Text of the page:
For the last couple of decades that has been flipped on it's head. Now the poorest among us are also generally the fattest. Partly that is the result of poor people no longer working at manual labor but the more significant cause is that the poor in America have access to free food via food stamps/SNAP/WIC and with no restrictions on how the food stamp portion is spent, much of the free food allotment for poor people goes to junk food and soft drinks.
For all of us, ample food in a dizzying variety is just a short drive away. The amount of calories available to Americans with virtually no effort is staggering when compared to most of the history of humanity.
For example, this is what you get from a McDonalds double quarter pounder, medium Coke and medium fries for under $10 without even having to get out of your car.
Referring to anything from McDonalds as "nutrition" is pretty funny but the point is that you can get over 1200 calories for less than $10. As you are hard pressed to find any job, even making those quarter pounders, that pays less than $10, that means you are getting 1200 calories with an hour of labor or less.
That is how things are now and how they have been for many years but that doesn't mean that is how it will be in the near-term future. This is an informative video featuring "lunatic farmer" Joel Salatin talking about what is causing food inflation. As an aside, Joel knows more about where actual food comes from than all of the CEOs of big globalist food conglomerates combined and more about real economics than all of the Federal Reserve staff and professors of economics in America.
It is a process problem, not a production problem. As I have said before, just in time works great until it doesn't and right now it isn't working for a lot of stuff. Sure you can get socks from Amazon next day shipped "free" but if you need parts for machinery you might be waiting a week or a month. We are awash in cheap, foreign made consumer goods but struggling mightily when it comes to durable, quality goods. A breaking down to broken supply chain is a problem for everyone.
Food inflation is the first stage and will be problematic but what comes next is food scarcity, and that is a far different proposition. I like what Joel was reinforcing through real life experiences: getting stuff "just in time" simply isn't working anymore because the process is breaking down.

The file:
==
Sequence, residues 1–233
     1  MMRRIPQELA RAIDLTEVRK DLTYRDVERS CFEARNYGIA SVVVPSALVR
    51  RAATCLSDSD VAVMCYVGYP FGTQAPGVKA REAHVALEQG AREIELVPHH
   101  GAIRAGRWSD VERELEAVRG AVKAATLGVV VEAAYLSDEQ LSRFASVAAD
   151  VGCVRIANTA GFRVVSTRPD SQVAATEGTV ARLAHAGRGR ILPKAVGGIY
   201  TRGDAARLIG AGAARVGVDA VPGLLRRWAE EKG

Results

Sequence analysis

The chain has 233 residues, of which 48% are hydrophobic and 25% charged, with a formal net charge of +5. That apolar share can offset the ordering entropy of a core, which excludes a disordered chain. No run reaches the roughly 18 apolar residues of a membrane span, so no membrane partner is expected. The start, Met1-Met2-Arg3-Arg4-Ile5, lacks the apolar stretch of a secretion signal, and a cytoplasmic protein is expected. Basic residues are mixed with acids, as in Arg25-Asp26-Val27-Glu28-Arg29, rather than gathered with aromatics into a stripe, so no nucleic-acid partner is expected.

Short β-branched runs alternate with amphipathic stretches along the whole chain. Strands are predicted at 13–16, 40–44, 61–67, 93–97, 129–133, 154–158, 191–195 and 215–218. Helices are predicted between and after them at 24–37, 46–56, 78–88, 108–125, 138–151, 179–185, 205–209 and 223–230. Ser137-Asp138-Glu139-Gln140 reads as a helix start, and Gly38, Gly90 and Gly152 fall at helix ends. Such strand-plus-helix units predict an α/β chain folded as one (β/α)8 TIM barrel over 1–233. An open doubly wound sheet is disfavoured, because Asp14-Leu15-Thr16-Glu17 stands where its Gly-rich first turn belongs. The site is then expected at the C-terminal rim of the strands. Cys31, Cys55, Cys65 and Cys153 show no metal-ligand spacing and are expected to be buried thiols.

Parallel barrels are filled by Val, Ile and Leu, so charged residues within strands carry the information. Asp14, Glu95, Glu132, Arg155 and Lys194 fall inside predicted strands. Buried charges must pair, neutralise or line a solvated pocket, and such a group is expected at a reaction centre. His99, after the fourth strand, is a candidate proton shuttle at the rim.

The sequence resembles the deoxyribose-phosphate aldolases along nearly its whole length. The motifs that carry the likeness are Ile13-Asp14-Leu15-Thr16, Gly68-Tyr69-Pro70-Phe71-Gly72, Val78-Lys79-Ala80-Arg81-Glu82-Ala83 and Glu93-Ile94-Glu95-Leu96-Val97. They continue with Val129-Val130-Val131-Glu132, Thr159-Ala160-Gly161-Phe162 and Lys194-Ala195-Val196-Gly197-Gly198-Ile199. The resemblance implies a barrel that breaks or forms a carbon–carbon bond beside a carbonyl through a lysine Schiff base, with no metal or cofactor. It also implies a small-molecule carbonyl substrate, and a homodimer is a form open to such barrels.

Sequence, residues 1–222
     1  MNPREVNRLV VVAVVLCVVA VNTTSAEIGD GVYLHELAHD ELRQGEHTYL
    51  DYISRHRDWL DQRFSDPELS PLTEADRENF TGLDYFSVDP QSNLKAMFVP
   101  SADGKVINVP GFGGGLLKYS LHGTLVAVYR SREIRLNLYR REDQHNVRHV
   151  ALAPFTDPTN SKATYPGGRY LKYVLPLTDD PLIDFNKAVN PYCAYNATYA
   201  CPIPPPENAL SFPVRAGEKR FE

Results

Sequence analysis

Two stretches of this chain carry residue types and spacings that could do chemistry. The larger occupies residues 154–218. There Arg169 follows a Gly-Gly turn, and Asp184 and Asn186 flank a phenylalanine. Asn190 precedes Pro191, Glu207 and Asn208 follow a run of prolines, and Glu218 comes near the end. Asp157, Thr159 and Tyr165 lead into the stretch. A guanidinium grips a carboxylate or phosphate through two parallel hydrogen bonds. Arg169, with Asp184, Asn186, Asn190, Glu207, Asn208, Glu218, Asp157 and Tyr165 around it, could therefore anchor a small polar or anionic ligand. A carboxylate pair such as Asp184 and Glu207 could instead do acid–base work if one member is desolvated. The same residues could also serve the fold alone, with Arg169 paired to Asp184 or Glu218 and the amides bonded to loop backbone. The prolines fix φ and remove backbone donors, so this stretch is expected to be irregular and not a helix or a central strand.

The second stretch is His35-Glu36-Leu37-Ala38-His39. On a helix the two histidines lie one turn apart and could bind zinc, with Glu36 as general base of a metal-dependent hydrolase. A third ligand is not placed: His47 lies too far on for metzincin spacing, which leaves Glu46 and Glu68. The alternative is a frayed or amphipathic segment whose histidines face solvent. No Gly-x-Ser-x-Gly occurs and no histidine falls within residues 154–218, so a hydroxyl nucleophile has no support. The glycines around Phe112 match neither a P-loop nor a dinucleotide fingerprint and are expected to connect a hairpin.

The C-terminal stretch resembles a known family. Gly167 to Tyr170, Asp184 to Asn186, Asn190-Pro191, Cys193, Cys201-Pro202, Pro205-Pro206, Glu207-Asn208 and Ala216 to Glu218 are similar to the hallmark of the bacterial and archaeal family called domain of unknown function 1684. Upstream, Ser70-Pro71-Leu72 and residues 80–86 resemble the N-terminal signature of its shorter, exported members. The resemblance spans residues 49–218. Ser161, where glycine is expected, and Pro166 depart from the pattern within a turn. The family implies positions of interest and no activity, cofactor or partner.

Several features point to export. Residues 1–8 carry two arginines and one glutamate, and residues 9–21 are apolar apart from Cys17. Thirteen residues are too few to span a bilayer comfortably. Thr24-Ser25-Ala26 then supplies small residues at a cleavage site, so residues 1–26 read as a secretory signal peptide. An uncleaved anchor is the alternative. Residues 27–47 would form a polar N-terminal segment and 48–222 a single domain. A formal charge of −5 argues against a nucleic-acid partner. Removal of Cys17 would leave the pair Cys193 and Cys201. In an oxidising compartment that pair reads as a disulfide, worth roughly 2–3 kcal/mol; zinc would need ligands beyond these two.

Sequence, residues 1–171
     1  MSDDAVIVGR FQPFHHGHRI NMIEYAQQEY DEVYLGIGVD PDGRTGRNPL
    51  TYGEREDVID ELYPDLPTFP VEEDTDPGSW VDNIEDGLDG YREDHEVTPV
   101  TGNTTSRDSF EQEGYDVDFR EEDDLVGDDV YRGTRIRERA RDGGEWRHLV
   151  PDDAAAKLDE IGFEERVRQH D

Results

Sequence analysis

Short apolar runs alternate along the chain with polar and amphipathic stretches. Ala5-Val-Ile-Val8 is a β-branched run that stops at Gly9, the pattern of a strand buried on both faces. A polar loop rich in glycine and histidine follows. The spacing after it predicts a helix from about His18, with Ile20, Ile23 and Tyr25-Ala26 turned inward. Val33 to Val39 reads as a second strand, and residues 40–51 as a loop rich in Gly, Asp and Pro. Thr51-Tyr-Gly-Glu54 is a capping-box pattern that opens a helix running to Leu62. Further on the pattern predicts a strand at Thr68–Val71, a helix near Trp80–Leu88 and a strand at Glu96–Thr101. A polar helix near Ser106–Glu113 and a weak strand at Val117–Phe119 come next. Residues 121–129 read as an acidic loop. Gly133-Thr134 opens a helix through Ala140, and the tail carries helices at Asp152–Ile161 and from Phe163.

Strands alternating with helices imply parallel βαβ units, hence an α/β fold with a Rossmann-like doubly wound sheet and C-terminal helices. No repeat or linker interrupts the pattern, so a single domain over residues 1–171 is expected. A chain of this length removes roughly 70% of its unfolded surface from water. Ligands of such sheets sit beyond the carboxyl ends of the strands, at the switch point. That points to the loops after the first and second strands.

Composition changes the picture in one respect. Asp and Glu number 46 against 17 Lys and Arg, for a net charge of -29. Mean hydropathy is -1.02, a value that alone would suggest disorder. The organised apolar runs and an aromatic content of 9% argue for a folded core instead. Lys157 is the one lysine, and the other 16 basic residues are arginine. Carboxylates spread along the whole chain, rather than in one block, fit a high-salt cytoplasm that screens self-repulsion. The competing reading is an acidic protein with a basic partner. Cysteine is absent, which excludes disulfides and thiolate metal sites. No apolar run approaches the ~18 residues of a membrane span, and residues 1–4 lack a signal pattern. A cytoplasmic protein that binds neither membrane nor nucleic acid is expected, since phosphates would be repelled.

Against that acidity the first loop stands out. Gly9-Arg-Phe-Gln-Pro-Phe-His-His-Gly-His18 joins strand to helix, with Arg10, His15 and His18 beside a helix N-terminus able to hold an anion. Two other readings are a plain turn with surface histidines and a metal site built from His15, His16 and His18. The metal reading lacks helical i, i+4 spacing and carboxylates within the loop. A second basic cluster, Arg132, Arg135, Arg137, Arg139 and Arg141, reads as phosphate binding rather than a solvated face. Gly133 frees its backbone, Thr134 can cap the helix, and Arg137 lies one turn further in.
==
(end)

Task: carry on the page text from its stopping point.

You can distract people with a lot of stuff but if they aren't able to get what they want at the grocery, panic buying sets in. We saw that last year and it is quietly still happening although the media doesn't cover it at all because Orange Man Bad is gone. It wasn't just toilet paper, lots of meat and canned goods were also gone. It was common to go to a big warehouse club and see a bunch of empty spots where cans of chicken and bags of rice were supposed to be, or toilet paper, paper towels and bottled water.
Big picture, it is likely that in the next 2-4 years your ability to survive is going to depend at least in part on your ability to raise at least some of your own food. Whether that is a garden or a few laying hens, rabbits or a pig, you will need to figure out some way to raise something because you might not be able to rely on aisle upon aisle of cheap packaged calories at the grocery store.
For many of our people, this is going to be very difficult because they live in cities or in some suburban hellscape where Karen and Kevin on the home owner's association can prevent them from having a garden.
Almost as if you should move out of places where you are completely dependent on the fragile global supply chain for your food....
...someone should warn people about this.